• LISP Team

Elen Boesing, Semi-Finalist

Elen Boesing, Screenplay Semi-Finalist, LISP 3rd Quarter 2020

- Can you please tell us about you and your daily life?

I was born and raised in Brazil but moved to the U.S. about 10 years ago. Aside from writing, I've also directed a feature film and currently work as a freelance video editor. I spend a lot of time on my computer. If I'm not working on one of my scripts, I'm certainly working on post-production for some other project. 

- When did you start writing? How often do you write?

Growing up in Brazil and having a special interest in politics, I would write a lot in school about culture and social inequalities, mostly as a way of processing the reality I was living and learning about, but also as a way of coping with what I could not change. Once I moved to the US, I started working on film productions and eventually directing projects written by other writers, which allowed me to learn a lot. Now I spend most of my mornings working on my scripts and hope to soon be able to see them come to life.

- How does it feel to have your work recognized?

It's very encouraging. For someone whose English is not their first language, any type of recognition is important in building the confidence to continue writing and telling their story. 

- What's the best thing and the hardest thing about writing a Screenplay? 

The best thing is being able to create realities based on your own perception of the world while also being able to reimagine situations from different characters’ perspectives. The hardest thing is realizing that not everything you love about your screenplay will serve the story enough to stay in it.

-  How did you come up with the idea for your LISP selected screenplay? Is there a story behind your story? And, how long have you been working on it?

"Bad Genes" reflects my own journey and personal growth while living with a mental illness. After I got diagnosed with Bipolar Disorder and started looking into my family history, I decided I would never have kids. I would not pass down my "bad genes" and watch my child live through the same hardship. It wasn't until a couple years ago, that I started to understand that perhaps I was looking at it from the wrong angle. Perhaps it’s not about the risk of mental illness, but whether I can be there mentally to guide a child through the challenges. To help them understand the world and themselves.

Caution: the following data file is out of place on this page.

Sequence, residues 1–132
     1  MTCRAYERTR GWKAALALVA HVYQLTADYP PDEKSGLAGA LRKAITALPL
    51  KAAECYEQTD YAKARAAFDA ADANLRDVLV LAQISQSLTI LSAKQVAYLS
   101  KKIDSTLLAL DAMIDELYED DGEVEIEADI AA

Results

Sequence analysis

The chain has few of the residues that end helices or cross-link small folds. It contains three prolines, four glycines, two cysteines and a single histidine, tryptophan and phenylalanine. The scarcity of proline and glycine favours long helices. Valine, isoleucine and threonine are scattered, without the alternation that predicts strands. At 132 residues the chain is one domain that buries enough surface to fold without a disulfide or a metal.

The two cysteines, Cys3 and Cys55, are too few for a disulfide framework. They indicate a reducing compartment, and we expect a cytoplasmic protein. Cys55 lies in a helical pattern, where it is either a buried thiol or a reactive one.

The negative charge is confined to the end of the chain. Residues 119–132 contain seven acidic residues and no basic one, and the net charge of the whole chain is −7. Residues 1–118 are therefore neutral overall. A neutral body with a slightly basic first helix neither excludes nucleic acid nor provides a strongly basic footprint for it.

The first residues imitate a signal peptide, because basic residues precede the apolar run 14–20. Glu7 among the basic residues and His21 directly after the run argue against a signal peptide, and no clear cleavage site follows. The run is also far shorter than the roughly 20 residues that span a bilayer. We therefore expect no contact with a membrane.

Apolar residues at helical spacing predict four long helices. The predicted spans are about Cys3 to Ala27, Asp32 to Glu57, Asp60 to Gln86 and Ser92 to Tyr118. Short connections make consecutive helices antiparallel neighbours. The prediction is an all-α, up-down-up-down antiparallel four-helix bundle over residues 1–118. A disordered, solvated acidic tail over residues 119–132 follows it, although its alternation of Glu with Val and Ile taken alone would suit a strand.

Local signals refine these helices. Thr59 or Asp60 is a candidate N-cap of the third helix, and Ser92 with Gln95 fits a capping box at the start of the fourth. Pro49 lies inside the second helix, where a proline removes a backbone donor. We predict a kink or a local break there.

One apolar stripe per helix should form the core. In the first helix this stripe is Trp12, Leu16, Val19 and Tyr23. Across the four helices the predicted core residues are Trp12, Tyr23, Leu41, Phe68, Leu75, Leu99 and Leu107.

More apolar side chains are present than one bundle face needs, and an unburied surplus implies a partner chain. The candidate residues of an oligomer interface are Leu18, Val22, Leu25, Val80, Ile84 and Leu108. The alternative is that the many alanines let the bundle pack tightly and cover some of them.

Mental illness can shatter several family generations if it goes unchecked, and just like with so many other conditions, awareness can make a huge difference in the outcome of the illness. I still haven't had children, but now I'm very open to the idea, and that big shift in mindset is what prompted me to write this screenplay. In a world where a large sum of the population suffers from some type of mental illness and science keeps pointing at a genetic source, it's important to understand our responsibility and the type of special care a child might require once brought into this world.

- Can you please give us a few tips about writing a short screenplay?

Writing a short screenplay is like telling a story to a friend during a casual conversation. You don't need to explain every detail of what happened. It's the story itself that matters. It's the reason why you brought it up or the point you're trying to make. If you get caught up in irrelevant details, the real message gets lost, and eventually their interest. 

- What's the best thing and the hardest thing about writing competitions? 

Best thing: It forces you to have a goal and a deadline.

Hardest thing: Submitting a draft, and only later realizing there could have been significant improvements. 

-Lastly, do you recommend writers to give it a go on LISP?

Certainly. 



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